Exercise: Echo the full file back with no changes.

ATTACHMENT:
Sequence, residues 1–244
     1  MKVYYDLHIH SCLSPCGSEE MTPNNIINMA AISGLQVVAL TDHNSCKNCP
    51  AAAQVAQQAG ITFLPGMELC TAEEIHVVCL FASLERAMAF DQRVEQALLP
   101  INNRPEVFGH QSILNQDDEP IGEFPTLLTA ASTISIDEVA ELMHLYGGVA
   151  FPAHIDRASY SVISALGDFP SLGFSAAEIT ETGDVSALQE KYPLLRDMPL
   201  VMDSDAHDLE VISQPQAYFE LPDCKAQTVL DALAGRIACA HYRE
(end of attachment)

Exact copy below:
Sequence, residues 1–244
     1  MKVYYDLHIH SCLSPCGSEE MTPNNIINMA AISGLQVVAL TDHNSCKNCP
    51  AAAQVAQQAG ITFLPGMELC TAEEIHVVCL FASLERAMAF DQRVEQALLP
   101  INNRPEVFGH QSILNQDDEP IGEFPTLLTA ASTISIDEVA ELMHLYGGVA
   151  FPAHIDRASY SVISALGDFP SLGFSAAEIT ETGDVSALQE KYPLLRDMPL
   201  VMDSDAHDLE VISQPQAYFE LPDCKAQTVL DALAGRIACA HYRE